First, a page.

Last weekend I wrote C and Zig bindings for
softcut, a C++ buffer-manipulation library
written by Ezra Buchla.
I also wrote a basic consumer of the library,
which at least in theory runs on macOS, Linux and Windows—that being said,
I’ve only taken it for a spin on my MacBook, so perhaps there are platform-specific
things lurking in the code that I’m not aware of.
Anyway, the purpose of this post is to chat a little about the program
and the project of writing it. Somehow I decided to talk about pointers, too!
softcut-client is a strightforward port of Ezra’s client,
which is written in C++, to Zig.
Like that program, which is one of the signature components of monome’s norns,
it communicates with other processes over OSC.
Since laptops, unlike norns, are less standardized in their computing power,
one can specify the number of voices one would like softcut to have at compile-time.
Unlike Ezra’s client, which uses JACK,
softcut-client uses libsoundio,
a C library which provides an abstraction over many common sound libraries and frameworks,
including the native APIs for Windows and macOS,
as well as JACK, ALSA and PulseAudio for Linux.
In the end, it was this piece of the code, unsurprisingly,
that had the most bugs to work out.
JACK, from what little I gleaned from softcut’s source code,
provides a neat abstraction where if you provide it input and output
(source and sink) buffers of floats
and tell it when they’re ready to go,
it will handle the rest.
libsoundio is a bit more involved.
My biggest mistake using it was that in “recording” from the input
into another buffer to feed to softcut,
I was forgetting to advance my pointers.
Let me explain what that means a little more:
a pointer is a tricksy little progamming concept.
All kinds of programs and programming languages have the concept of
variables, which hold a value and are backed, while the program runs,
by some actual little bit of the computer’s memory
(i.e. RAM, if that means anything to you).
Por ejemplo, a byte is 8 little “bits” of memory,
each of which can be either on or off.
In Zig, for instance, bytes are represented as variables of type
that is, unsigned 8-bit integers,
by taking the eight bits as representing (on is 1, off is 0) an eight-digit binary number.
The biggest possible 8-bit number is 11111111 in binary, or 255 in decimal.
A pointer is a variable which, rather than representing some bit of data important to your program, represents the address or location in memory of another bit of data. Most operating systems today have 64-bit pointers, so can represent 264 = 18,446,744,073,709,551,616 different addresses. That’s a lot! but 64 bits is only 8 bytes.
There are many reasons one might want to have a pointer to data rather than the data itself. For example, maybe the data itself is big; like say a large audio file. If you had to copy that data around everywhere you wanted to use it, your program would spend most of its time doing that copy, which is inefficient both in time and space. Passing around an 8-bit pointer to that data, though, is much more efficient.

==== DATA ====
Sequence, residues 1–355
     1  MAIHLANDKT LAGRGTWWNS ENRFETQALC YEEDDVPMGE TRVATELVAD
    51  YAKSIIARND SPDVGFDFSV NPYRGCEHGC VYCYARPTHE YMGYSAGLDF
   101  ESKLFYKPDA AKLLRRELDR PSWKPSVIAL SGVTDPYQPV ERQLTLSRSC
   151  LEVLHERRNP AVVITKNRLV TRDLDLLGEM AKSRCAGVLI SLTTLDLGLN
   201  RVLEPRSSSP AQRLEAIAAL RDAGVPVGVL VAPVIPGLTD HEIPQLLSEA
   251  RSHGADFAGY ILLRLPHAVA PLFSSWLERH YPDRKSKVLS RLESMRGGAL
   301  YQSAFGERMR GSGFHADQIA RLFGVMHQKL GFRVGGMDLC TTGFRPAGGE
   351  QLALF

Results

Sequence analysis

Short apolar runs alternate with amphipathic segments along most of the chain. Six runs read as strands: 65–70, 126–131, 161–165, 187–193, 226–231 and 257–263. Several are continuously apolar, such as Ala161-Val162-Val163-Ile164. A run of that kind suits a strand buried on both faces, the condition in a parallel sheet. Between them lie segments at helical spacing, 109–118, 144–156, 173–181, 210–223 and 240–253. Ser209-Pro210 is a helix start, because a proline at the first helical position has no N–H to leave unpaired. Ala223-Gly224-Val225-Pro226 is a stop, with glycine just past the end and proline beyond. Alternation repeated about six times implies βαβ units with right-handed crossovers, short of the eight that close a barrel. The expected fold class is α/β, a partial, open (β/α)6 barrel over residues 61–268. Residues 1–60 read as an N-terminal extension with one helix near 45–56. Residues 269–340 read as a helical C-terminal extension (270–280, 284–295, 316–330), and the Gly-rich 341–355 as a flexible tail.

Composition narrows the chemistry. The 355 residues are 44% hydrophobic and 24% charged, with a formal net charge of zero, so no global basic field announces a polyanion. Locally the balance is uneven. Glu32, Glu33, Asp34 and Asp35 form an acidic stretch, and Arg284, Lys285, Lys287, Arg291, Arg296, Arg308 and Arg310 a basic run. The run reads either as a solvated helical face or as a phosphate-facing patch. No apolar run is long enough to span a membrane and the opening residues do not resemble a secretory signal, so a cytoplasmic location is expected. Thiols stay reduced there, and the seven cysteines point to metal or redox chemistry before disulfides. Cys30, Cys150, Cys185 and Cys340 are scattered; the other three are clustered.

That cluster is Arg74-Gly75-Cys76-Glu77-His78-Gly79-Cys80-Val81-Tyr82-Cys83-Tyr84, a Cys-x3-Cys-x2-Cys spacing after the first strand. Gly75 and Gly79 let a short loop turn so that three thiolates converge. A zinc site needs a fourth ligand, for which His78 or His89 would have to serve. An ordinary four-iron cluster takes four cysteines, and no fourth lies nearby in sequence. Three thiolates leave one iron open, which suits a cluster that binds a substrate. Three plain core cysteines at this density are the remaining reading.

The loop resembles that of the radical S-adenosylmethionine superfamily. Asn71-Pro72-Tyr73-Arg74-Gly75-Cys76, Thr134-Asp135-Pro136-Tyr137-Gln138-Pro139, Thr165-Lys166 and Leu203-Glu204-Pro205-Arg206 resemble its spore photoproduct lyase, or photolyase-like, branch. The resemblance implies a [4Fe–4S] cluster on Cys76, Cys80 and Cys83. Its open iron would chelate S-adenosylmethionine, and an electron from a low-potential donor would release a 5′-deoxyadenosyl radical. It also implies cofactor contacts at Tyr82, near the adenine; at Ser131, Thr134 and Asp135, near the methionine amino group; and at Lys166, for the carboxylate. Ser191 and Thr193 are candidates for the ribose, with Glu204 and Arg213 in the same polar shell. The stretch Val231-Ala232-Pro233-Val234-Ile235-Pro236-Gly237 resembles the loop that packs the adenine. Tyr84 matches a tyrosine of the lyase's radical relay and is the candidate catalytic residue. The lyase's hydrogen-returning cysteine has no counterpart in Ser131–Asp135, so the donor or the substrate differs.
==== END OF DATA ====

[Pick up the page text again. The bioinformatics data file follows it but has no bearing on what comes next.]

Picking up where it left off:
libsoundio, one uses pointers
because the library sets up the underlying audio backend
to expect to read from or write to a certain location in memory.
The library then provides you with a pointer to that location
and then says “okay, go”.
Another, more subtle reason is that audio data, particularly when it is in stereo,
is sometimes interleaved.
That is, one sample of data for the left channel
is followed immediately by one sample of data for the right channel,
then another left sample, then another right sample, and so on.
Rather than forcing the question of interleaved vs. non-interleaved,
libsoundio provides you with a bunch of pointers and for each one a “step”
that tells you how to “move” the pointer forward to find the address of the next sample.
This process is sometimes called “pointer arithmetic”, and people smarter than I have very mixed feelings about it. Personally, I think it makes perfect sense for this application; if your audio samples are interleaved, then maybe one of the left-channel samples is at a certain address, and then the next sample is eight bytes further down the line. In other words, if \(A\) is the address of our original sample, to find the address of the next sample, we simply look at address \(A + 8\). Cute, right?
2. Zig bindings for a C++ library
Softcut is written in C++, while my application is written in Zig. Zig is really fun, and it has builtin some ability to interoperate with C, a programming language that could be said to be C++’s predecessor. C++ can also interoperate with C, but Zig and C++ don’t get along as nicely.
There are good reasons for this: C++ adds many features that are not present in C, like “objects” and “classes”. Zig is focussed on correcting some of the issues that programmers have with C. (For context, C is perhaps the most ubiquitous programming language out there; it’s also one of the oldest programming languages that people still commonly write in.) Things like “objects” and “classes” are out of scope for the Zig language—which is not to say that one can’t mimic them or construct something that has those features—that’s one of the beauties of a language like Zig or like C; it gives you enough tools that you can create the rest yourself if you’d like.
Anyway, in order to bridge the gap between C++ and Zig, I found it easiest to write a little C header file with a C++ implementation. Although the next bit is not strictly necessary, I also wrote a little Zig file that “wraps” the C file, providing more idiomatic Zig code to the end-user (which in this case was me).
For example, just by way of signing off, here’s how to start up the library in C, C++ and Zig.